Quoting Reuters, “Renegade General Khalifa Haftar’s air force was responsible for strikes on Islamist-leaning militia in Tripoli on Monday, one of his commanders said…“. The Guardian has a profile of Haftar. With Haftar’s backing, the Zintan militia had been fighting Misrata militia for Tripoli’s main airport, which the Misratans have now captured.
Haftar claims his forces did the bombings, which the Zintans praised as professional. Reuters: “A Zintani source said fighters in his unit saw planes bombing a Misrata militia position. “Our forces at the airport saw massive and accurate bombings,” he said.”
Of course, what we’d really like to know is, who is going to win Libya, Haftar, or the Islamists. But the attention of the press is elsewhere, so the question is not currently tractable, other than to note that losing the airport is not a good sign for Haftar’s bunch. So we start small: Whose airplanes were they? With open source intelligence, this might eventually add up to something.
NATO and Egypt exclude themselves: “A U.S. official and an Egyptian security source, both speaking on condition of anonymity, said their countries had not been involved. ” Since no statement appears credible, this is an occasion to sift through the contradictions, while enjoying a crooked smile:
- Capability. It is almost a fact that nobody in Libya has warplanes that work.
- Unimportance of the target. The target has been described as no more than “a Misrata militia position.” This favors Haftar’s claim of responsibility, since the more distant the responsible party, the more important the military justification.
- Denials. The U.S. and Egyptians deny, but “both speaking on condition of anonymity.” Usually, a denial of involvement is made loudly and with official imprimatur. But it’s important not to fall into the trap of excessive conspiracy. Their shyness does not inculpate the U.S. or the Egyptians, but it at least implies that the force responsible for the bombings is shielded by ambiguity. And it gives Haftar the benefit of propaganda.
- Strength. Haftar wants credit for the bombings, because the ability to bomb implies strength, and strength evokes loyalty. There is always an attraction to being on the winning side.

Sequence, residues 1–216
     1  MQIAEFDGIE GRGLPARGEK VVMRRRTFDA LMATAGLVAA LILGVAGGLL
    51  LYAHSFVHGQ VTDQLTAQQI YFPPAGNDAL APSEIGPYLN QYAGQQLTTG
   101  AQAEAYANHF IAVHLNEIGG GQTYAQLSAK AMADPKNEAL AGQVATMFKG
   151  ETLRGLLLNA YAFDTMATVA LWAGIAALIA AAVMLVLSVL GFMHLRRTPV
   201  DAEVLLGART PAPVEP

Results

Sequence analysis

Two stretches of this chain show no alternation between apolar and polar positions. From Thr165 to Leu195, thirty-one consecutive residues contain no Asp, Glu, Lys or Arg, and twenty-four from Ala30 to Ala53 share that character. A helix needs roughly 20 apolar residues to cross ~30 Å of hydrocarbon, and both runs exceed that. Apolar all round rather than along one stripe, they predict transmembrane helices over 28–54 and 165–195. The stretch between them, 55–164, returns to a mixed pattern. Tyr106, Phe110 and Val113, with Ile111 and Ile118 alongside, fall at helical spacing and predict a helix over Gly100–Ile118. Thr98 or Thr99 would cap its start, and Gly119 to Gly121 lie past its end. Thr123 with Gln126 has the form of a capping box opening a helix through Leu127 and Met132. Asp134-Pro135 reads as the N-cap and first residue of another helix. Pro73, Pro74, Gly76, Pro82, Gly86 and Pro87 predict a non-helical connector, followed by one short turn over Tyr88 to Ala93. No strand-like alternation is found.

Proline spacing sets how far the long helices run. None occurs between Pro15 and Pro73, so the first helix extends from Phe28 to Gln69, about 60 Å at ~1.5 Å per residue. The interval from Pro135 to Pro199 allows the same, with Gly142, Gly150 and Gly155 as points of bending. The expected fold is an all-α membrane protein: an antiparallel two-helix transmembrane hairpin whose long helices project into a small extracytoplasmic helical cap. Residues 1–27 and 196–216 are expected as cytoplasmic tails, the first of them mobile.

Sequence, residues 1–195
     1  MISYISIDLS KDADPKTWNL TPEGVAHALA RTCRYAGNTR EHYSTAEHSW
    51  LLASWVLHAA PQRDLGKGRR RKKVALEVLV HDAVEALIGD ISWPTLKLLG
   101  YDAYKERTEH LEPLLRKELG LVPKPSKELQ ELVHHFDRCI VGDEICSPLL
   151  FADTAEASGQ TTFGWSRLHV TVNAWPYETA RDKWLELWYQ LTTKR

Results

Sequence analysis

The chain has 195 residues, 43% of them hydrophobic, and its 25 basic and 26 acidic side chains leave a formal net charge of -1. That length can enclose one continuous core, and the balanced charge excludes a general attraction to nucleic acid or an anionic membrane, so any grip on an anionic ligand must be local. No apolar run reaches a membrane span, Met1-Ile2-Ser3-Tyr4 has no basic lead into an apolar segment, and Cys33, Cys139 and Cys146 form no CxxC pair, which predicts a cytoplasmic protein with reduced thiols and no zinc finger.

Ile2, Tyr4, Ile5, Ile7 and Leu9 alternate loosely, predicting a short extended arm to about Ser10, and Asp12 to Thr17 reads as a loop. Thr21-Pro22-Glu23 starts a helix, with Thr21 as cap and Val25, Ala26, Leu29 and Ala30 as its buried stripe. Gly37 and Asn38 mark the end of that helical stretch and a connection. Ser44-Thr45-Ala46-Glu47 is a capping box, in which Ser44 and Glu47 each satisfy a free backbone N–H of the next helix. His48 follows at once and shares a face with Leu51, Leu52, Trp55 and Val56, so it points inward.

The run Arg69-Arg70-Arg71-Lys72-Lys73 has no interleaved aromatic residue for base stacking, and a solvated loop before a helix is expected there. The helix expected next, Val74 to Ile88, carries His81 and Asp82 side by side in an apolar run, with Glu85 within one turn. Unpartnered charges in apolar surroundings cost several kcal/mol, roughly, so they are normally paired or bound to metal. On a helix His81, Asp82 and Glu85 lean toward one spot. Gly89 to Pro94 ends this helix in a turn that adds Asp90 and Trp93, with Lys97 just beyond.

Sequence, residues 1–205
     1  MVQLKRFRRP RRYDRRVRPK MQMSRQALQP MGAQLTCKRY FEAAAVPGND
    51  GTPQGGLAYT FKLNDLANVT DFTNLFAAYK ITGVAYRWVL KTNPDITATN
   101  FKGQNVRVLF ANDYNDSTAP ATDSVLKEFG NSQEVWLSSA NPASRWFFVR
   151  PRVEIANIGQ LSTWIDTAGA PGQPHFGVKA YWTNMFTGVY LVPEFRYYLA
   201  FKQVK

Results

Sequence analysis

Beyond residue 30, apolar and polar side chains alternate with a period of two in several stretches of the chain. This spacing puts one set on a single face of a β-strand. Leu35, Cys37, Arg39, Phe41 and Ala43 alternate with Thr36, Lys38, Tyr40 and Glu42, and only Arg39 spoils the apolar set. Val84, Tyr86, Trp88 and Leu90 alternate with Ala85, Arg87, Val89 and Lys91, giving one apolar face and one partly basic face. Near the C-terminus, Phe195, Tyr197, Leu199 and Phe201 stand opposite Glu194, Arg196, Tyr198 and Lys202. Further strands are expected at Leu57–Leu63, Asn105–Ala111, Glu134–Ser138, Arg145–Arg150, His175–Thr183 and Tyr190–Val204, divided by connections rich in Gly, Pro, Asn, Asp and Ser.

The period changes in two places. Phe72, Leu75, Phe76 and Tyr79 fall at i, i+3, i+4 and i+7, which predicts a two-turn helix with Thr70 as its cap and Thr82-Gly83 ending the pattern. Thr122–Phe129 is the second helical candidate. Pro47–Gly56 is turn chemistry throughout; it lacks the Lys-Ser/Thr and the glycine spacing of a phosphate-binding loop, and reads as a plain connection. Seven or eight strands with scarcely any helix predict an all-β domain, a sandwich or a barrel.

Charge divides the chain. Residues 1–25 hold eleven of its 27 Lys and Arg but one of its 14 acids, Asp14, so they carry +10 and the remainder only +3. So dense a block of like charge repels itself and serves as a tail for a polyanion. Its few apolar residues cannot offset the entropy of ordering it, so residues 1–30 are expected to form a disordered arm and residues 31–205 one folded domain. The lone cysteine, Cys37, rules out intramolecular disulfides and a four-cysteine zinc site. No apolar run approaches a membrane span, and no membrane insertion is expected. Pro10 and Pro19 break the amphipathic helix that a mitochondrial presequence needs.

- Ethics. In the Middle East, in the current conflicts of nationalist versus tribal, there seems to be a “golden rule”: atrocities committed by one tribe against another are acceptable, but outside interference is considered unfair. This is all too familiar to law enforcement responders to domestic violence calls, when one or both parties interrupt their attempts to murder the other by turning on the responders.
- Secular vs. Islamist. Islamism of all sorts is packaged for export. It has been claimed that Saddam Hussein initiated the Iran-Iraq war because he feared Iran would export revolution to Iraq’s Shi’ites. Saddam’s Iraq was comparatively secular. El-Sisi’s Egypt is secular compared to Libya’s Islamists. By analogy, el-Sisi could fear the potential of Libya’s Islamists to refuel the Muslim Brotherhood.
- The U.S. ? This might seem attractive to those distant from U.S. politics, to those who see the U.S. as the author of conspiracies such as have historical record. Those closer to the U.S. political scene understand that the country has changed. For better or worse, the giant has feet of clay.
- Israel? Although there is talk of actual cooperation between Israel and Arab states that fear political Islam, it would be unprecedented. The process of exclusion would lead to Israel only if el-Sisi could not safely motivate the Egyptian military to attack Libyan Islamists. But the climate in Egypt, particularly in the insular military, seems permissive of the action.